Say one thing for Internet Initiative Japan ( IIJI): It really means it with that word "initiative."

After pulling a long-desired stock offering from the Tokyo Stock Exchange only a few days after it priced, the company is vowing to get listed in Japan. CEO Koichi Suzuki said in an interview with Reuters last Friday that IIJ is undeterred in its goal of having the stock trade in its native country. A Nasdaq listing, it seems, isn't enough.

Actually, the Nasdaq listing could be seen as a liability. In a reaction that must have been greeted with mixed feelings by Suzuki & Co., IIJ's Nasdaq shares rallied madly on the news, rising 23% in a single day Monday. The stock further climbed as high as $8.7 Tuesday before closing unchanged.

IIJ and Daiwa, the lead underwriter of its failed Japanese offering, made the fatal error of pricing the offering in the midst of a manic rally in the Nasdaq shares. That inflated the price of the Japanese offering to the point where nobody wanted to buy it. The Japanese shares would be priced at a 6% discount to the close of IIJ's Nasdaq shares on June 13. Those shares stood at $13.90 at the close.

Worse for IIJ's Tokyo offering, the Nasdaq shares began tanking the next day. So institutional investors were presented with a less-than-enticing bargain: Buy shares in the Japanese offering for roughly $13 a share, or buy the Nasdaq shares for between $10 and $11 a share, which is where they were trading when underwriters began shopping the Tokyo shares around.

In business since 1993, IIJ has found the golden ring of a Japanese listing hard to grasp. Finding the public market unwelcome in the midst of a prolonged Japanese recession, IIJ listed 7.16 million American depositary shares on the Nasdaq in 1999 for $23 a share. Goldman Sachs and Morgan Stanley, two of the most respected underwriters of the late '90s, co-managed the offering.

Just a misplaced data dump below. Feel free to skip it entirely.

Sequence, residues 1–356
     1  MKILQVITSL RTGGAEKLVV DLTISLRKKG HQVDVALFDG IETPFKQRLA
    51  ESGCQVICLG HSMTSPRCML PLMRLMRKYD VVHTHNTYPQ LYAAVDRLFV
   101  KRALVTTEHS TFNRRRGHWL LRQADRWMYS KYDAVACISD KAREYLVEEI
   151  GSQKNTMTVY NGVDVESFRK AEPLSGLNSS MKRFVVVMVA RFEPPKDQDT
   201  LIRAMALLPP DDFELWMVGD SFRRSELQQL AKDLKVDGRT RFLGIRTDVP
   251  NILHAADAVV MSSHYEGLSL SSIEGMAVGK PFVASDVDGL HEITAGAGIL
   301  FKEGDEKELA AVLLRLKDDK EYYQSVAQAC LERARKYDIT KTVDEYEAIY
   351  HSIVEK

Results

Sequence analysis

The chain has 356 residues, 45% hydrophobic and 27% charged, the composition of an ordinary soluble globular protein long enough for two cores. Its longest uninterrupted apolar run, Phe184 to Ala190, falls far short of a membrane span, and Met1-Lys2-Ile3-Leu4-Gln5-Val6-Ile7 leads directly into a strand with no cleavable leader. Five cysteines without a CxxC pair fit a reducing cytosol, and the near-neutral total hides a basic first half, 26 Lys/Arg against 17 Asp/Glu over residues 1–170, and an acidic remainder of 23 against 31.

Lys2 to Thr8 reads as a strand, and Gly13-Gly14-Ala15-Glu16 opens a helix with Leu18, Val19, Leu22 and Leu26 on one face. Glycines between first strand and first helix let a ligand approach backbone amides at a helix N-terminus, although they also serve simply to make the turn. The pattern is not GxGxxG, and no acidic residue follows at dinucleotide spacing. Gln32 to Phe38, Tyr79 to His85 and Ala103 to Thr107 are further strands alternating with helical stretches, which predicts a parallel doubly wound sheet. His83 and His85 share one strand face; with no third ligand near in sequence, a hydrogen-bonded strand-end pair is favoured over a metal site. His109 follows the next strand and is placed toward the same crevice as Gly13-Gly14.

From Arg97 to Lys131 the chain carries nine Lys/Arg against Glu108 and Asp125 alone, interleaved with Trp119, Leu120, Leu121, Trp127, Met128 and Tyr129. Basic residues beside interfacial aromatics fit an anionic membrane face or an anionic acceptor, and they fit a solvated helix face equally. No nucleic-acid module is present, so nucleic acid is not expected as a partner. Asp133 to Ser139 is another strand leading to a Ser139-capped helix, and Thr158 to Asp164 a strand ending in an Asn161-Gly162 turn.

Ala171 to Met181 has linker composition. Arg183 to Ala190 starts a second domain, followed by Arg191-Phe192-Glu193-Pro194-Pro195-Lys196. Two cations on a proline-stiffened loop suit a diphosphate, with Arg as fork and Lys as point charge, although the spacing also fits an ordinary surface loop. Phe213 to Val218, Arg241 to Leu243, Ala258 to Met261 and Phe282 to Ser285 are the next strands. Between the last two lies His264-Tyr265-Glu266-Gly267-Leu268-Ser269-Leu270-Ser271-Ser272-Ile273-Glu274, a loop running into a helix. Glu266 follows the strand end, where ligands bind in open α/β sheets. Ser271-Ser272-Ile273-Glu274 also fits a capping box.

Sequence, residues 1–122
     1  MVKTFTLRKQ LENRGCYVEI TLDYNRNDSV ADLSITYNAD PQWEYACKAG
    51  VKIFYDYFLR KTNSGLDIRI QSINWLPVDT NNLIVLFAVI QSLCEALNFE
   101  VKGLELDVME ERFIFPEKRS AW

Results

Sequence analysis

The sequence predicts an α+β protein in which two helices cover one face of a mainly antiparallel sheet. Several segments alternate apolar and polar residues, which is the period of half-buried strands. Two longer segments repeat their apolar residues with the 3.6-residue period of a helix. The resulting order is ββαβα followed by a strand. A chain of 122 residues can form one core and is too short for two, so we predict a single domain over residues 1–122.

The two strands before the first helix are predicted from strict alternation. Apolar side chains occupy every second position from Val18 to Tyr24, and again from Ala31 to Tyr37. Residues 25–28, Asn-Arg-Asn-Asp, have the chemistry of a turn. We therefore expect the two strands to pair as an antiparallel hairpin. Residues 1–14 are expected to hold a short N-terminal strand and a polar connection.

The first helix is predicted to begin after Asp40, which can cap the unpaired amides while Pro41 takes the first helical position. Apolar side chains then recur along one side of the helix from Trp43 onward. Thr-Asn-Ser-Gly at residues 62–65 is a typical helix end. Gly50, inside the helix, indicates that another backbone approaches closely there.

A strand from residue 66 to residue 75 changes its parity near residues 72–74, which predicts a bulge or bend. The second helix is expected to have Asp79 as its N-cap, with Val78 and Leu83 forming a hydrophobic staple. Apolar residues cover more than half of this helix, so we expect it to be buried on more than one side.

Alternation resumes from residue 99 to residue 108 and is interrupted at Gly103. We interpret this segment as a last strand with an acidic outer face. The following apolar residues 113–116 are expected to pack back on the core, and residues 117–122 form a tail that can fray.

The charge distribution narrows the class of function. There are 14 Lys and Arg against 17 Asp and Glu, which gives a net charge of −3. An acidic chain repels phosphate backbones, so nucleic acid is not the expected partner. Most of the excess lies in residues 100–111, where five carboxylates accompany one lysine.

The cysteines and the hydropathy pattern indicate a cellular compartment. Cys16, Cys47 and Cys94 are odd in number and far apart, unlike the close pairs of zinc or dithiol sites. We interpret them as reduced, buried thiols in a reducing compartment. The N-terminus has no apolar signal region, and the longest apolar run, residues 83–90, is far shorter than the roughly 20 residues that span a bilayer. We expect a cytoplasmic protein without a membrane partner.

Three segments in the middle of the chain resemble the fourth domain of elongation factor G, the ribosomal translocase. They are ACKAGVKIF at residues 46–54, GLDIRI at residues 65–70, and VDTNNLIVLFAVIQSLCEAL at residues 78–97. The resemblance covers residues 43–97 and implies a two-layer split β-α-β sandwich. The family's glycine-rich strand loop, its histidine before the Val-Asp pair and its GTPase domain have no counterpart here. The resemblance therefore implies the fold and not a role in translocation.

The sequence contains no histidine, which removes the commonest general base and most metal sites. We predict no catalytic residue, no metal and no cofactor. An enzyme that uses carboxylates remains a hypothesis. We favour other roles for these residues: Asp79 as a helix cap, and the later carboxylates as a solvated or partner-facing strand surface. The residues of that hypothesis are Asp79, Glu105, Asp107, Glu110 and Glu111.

Bad news has dogged every stock offering that IIJ has been involved with. Its Nasdaq shares proved volatile, even by the standards of the dot-com boom and bust. They rose as high as $123.50 in February 2000, then fell as low as $1.41 in April 2003. That marked a 99% drop from IIJI's record high and a 94% discount from the value that the underwriters had accorded IIJ in the offering. (IIJ's stock is still less than a third of its offering price.)

That lackluster performance led to a shareholder lawsuit that alleged that underwriters "laddered" the offering -- that is, they allowed investors in on the IPO on condition that they would buy more shares in the aftermarket to ratchet it higher. A settlement that released IIJ and underwriters from liability paid as much as $1 billion in recoveries, which was paid by insurers.

IIJ fared even worse with the IPO of Crosswave Communications, a joint venture of which IIJ owned 40%, with the remaining ownership split between two partners, Sony ( SNE) and Toyota. Crosswave, which is set up to sell broadband access on a brand new fiber-optic network, listed on Nasdaq at $14 per ADS in August 2000. It was delisted two years later as the company filed for the equivalent of bankruptcy protection in Japan.

Crosswave's assets were eventually transferred to Japanese telecom giant NTT Communications, a subsidiary of Nippon Telegraph and Telephone ( NTT). Around the same time, NTT injected $13.3 billion into IIJ in exchange for 15,880 shares, a transaction that boosted NTT's stake in the company from 6% at the time of the Nasdaq IPO to 32%. The 5 billion-yen deposit ($45 million at today's rates) that IIJ put down to secure a 15 billion-yen bank loan for Crosswave was lost.

Suzuki has said repeatedly that IIJ's financials are on the mend -- the company went from several years in the red to a profit in the fiscal year ended March 31, 2005 -- and that he's intent on pushing margins higher. If so, the company could break its string of unlucky listings and finally win a warm welcome on the Tokyo exchange.